External hard drives are great for backing-up your entire computer or a really large amount of data in one single location. They are limited in size pretty much only by how much you are willing to spend on one. A lot of external hard drives come with cool features that make backing-up easy like a single button on the drive’s case which will initiate the back-up process automatically (outside of having to push the button) or scheduled back-ups which will run automatically once the computer is on.
The downside to an external hard drive is that they can fail just like an internal hard drive. They have moving parts which can go bad without notice and they are sensitive to strong magnets and violent hits which can happen when dropping your bag or tossing it aside. While these drives are built to be more portable than an internal hard drive, I don’t suggest carrying it with you unless needed.
4) Additional Internal Hard Drives
Adding additional internal hard drives to your computer is a great way of backing-up, but it requires a little more technical know-how in order to do it yourself.
When you add additional hard drives to your computer for back-up, what you are doing is creating something called a Redundant Array of Independent (or inexpensive) disks (also known as R.A.I.D).
A complete discussion of what RAID is and the different types of RAID setups will be discussed in a future post, but for this post we are talking about RAID 1. A RAID 1 array requires two hard drives of equal size to be installed on a RAID controller, which will then seamlessly copy or mirror one drive to the other in real time. Now a days most of the motherboards come with RAID controllers built in, but the addition of a RAID card to a PCI slot is an inexpensive purchase that will add RAID to any system.
So, what are the advantages of a RAID 1 setup?
A RAID 1 setup mirrors the primary drive in real time so you don’t have to schedule a back-up or initiate a process; it’s all done automatically as you go. Also with a RAID 1 setup in place, if one hard drive should ever fail, the system won’t miss a beat. It will continue to run on the remaining good drive, and alert the user that one drive may need to be replaced. Once replaced, the live mirroring of your hard drive will continue.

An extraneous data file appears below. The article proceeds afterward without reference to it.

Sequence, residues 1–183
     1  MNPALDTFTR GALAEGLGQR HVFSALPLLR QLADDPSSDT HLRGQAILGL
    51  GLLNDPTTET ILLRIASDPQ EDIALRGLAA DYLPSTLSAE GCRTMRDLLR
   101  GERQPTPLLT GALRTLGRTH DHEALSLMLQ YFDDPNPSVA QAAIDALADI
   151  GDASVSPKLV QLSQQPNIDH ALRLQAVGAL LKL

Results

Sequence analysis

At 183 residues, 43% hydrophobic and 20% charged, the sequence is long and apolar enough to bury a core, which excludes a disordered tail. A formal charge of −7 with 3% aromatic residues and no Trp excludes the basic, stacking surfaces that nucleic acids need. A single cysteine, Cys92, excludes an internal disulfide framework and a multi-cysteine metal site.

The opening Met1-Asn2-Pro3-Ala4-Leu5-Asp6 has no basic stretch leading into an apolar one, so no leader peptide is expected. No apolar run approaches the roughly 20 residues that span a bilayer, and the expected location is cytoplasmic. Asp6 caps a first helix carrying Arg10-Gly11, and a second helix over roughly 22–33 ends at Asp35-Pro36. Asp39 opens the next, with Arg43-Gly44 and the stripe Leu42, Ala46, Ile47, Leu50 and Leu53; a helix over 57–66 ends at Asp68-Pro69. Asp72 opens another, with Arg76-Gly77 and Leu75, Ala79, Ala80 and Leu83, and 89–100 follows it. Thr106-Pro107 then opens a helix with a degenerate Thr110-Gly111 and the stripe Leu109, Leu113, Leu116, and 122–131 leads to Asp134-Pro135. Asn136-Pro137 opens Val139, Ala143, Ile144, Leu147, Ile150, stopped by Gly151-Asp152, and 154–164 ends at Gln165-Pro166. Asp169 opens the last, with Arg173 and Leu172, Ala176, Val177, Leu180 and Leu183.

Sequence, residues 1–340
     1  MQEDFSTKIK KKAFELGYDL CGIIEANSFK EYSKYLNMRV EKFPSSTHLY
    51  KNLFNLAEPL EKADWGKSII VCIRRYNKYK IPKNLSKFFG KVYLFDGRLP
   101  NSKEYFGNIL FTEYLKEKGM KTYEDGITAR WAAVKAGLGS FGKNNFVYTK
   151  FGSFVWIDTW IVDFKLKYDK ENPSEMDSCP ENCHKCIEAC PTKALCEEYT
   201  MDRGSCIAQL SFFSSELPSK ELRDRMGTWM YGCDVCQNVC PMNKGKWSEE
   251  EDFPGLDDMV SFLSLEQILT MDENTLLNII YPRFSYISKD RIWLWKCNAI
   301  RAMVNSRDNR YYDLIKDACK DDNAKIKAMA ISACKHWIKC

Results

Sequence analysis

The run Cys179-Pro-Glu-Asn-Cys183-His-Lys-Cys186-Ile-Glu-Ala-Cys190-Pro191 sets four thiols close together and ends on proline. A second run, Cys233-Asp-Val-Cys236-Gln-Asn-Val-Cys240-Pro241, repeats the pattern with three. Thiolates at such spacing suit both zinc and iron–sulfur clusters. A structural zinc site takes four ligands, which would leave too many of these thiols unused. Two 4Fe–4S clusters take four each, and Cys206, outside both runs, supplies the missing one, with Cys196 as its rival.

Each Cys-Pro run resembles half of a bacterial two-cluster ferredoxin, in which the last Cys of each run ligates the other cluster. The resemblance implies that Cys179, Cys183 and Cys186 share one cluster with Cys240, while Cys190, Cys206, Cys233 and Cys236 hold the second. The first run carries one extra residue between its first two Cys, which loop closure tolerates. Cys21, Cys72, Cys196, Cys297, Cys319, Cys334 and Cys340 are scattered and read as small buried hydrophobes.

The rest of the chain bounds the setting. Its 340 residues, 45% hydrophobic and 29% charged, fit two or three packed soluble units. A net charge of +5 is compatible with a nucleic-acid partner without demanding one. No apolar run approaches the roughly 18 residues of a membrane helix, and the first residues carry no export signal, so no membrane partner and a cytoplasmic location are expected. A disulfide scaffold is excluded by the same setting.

The obvious risk here is that if both drives go down at the same time then you are once again stuck with no convenient back-up of your data.
5) Online back-up or “Backing-up to the cloud”
There are a plethora of companies out there who offer you the ability to back-up your data to their servers – All you need is a steady internet connection. Its simple, its hassle free and it can back-up on a schedule like an external hard drive, live like a RAID 1 setup or you can do it manually like copying a file to a folder (based on the company and service you choose).
The storage limitations to this of course are, in order to have any significant amount of storage space to back-up your files you are going to have to pay a fee. The fees are usually monthly and are based on how much storage you think you need or how much they suggest you need. Most companies will offer you anywhere from 5 – 10 GBs for free just to get you on board, but anything more will require a fee.
A few things to keep in mind:
- A lot of times you have no clue where these servers are located.
- What are the privacy laws in the country where these servers are?
- Who if anyone can access the files?
- Who can access you data isn’t usually an issue as you sign contracts and agreements which restrict that from happening and security is usually quite strict at these companies. However, keep these things in mind if you have sensitive data and are considering a discount or budget company which haven’t really heard of.
- What happens to your back-up if the company permanently closes?
This isn’t every method of backing up, just a few of the more popular digital ones. The purpose of this post is to recognize that 1) Backing-up your files/data is cheap and easy and 2) the one consistent thing that you should note in all of these methods of backing-up is that NONE of them a fool proof. If the data you want to keep is very important then make multiple copies over multiple methods just in case. Maybe you can rebuild a small document from memory, but you can’t recreate a scanned photograph from years ago of a passed family member or remember every line of information from a report that has spanned over multiple years.
Micronet is more than happy to help and guide you with backing up your data. If you are interested in backing up your data or you need help doing it, call us at 328-3040 or visit us at 11 Madeira Street, Palmdale in Nassau, Bahamas.